Menu Close
A policeman with a rifle in a parking lot guards empty minibus vehicles that form a row behind him
A policeman stands guard during a protest by minibus taxi operators against a new bus service for Johannnesburg. Alexander Joe/AFP via Getty Images

Fixing South Africa’s minibus taxi industry is proving hard: tracing its history shows why

The South African government has initiated a process to formalise and regulate the country’s large, yet informal minibus taxi industry, with a view to making it viable and free of violence.

The government envisions the industry being restructured “along legally recognised business units” that pay corporate tax and comply with labour laws. Formalisation will eventually pave the way for taxi commuters to benefit from public transport subsidies, resulting in cheaper fares.

According to Transport Minister Fikile Mbalula

Training of operators and taxi workers across the value chain should be an integral part of the industry development and skilling programme.

The effort, if it succeeds, will resolve the anomaly whereby the government relies on the informal transport sector to provide a key public transport service. Minibus taxis are the preferred mode of transport for most South Africans because they are more efficient and more widely available than buses and trains.

Having studied the various approaches to the industry over the decades, I believe its integration into the country’s public transport plans is long overdue.

It will also bring to an end the industry’s long struggle for economic justice. The following overview provides just a glimpse of the key moments in the history of the industry’s development and struggle for recognition. It is by no means comprehensive.

Historical overview

The minibus taxi industry in South Africa was established by black people and continues to serve mostly that community.

As far as I could establish, the industry traces its origins back to the 1930s, when five-seater sedan cars were used. Then regulation stipulated that taxis could carry four passengers.

The black taxi industry’s battles mirror those of black people against racial oppression and economic exclusion.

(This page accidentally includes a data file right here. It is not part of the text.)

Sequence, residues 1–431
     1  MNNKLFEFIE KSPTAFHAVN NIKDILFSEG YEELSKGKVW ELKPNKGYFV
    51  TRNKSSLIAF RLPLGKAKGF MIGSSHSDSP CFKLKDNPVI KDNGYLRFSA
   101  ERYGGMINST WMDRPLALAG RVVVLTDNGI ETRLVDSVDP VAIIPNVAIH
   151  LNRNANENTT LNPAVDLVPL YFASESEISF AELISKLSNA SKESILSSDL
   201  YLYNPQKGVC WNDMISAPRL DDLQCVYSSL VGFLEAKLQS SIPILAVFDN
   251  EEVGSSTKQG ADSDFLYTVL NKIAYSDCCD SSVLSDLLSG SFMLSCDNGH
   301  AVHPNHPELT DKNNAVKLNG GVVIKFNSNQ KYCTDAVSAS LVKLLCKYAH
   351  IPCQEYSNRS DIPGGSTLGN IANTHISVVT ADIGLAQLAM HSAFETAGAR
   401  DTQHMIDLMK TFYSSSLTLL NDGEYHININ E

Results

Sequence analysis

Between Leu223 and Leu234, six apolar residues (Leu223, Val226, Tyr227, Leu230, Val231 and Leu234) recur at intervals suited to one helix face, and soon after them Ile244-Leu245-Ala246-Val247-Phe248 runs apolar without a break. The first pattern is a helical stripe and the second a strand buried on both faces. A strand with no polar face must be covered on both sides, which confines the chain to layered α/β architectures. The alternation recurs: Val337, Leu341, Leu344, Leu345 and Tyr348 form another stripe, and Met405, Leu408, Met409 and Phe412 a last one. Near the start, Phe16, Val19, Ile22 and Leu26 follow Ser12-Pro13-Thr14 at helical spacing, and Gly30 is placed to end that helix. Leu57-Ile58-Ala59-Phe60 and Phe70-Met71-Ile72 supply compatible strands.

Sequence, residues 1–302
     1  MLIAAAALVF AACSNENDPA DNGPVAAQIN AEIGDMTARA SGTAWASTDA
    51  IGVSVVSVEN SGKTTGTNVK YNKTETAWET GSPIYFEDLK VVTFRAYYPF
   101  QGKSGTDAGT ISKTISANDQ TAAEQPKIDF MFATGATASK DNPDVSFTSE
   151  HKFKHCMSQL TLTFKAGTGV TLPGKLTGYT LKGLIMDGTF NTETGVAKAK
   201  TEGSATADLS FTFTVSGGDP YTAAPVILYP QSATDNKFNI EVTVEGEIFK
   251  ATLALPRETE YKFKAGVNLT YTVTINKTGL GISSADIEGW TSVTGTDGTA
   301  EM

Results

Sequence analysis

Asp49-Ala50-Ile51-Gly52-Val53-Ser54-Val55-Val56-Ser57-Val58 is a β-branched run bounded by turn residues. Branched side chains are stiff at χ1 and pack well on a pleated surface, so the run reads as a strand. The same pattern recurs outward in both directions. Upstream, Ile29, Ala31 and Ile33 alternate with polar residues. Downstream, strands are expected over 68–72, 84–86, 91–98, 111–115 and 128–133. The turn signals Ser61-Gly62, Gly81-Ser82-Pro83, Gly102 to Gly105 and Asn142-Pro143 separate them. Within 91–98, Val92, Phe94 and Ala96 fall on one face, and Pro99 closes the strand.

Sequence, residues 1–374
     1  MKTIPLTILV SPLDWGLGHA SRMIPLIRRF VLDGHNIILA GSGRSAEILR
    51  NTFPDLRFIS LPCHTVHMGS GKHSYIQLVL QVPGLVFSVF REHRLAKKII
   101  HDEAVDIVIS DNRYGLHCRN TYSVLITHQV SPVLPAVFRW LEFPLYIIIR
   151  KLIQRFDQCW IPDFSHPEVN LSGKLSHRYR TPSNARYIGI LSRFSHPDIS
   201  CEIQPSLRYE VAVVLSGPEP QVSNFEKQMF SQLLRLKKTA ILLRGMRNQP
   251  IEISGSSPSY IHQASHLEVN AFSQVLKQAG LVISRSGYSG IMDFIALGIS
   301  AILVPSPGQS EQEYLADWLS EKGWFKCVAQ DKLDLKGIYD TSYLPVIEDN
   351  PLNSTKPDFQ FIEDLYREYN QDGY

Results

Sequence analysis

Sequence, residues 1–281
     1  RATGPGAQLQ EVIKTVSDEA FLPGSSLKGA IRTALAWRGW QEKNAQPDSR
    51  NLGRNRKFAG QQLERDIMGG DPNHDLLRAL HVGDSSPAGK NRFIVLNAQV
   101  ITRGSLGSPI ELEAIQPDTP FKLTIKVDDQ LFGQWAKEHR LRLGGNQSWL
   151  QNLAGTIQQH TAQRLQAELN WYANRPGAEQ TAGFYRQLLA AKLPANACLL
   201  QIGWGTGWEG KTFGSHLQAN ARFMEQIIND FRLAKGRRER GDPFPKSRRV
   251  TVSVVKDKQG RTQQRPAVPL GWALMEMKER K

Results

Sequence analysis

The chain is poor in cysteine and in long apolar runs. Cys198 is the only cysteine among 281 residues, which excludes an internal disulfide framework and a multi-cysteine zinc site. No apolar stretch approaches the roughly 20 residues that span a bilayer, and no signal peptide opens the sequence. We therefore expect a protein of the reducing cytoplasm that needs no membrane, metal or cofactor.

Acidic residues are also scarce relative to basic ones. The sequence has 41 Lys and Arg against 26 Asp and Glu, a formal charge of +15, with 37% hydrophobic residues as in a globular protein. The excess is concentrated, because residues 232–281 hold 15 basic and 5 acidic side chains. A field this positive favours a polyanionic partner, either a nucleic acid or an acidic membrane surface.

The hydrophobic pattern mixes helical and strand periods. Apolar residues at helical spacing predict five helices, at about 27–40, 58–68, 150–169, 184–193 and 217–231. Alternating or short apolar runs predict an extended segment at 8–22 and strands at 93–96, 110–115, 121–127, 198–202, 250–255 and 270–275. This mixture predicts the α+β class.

Black people were considered temporary residents in the country’s urban areas, and to “belong” instead to ethnically defined, mostly rural areas called bantustans. These were characterised by extreme underdevelopment and poverty.

Blacks were not allowed to live and trade in urban areas unless they qualified for urban rights under the Urban Areas Act of 1945. Being in urban areas legally was made even more difficult by the “pass law”, introduced under apartheid in 1952. It was compulsory for black people to carry identity documents – called passes – that controlled their movements in urban areas.

The early taxi operators used sedan cars and only for trips within black communities. Minibus taxis operated illegally, as public carrier permits were difficult to obtain. At the same time, bus and rail transport was regulated and subsidised, but inefficient.

Black people were only allowed to be involved in one business. Companies and partnerships were prohibited, as were black financial institutions, industries and wholesale concerns.

This changed in the late 1970s when black people were allowed to establish small businesses. Further relief for taxi operators came through the Breda Commission of Inquiry into transport deregulation in 1977. This led to the Road Transportation Act of 1977, which recommended freer competition and less regulation of the industry, making it easier for black people to enter the transport industry.

Its definition of a bus opened the way for taxi operators to introduce ten-seater vehicles. This made the industry more profitable, attracting many new entrants and creating strong growth.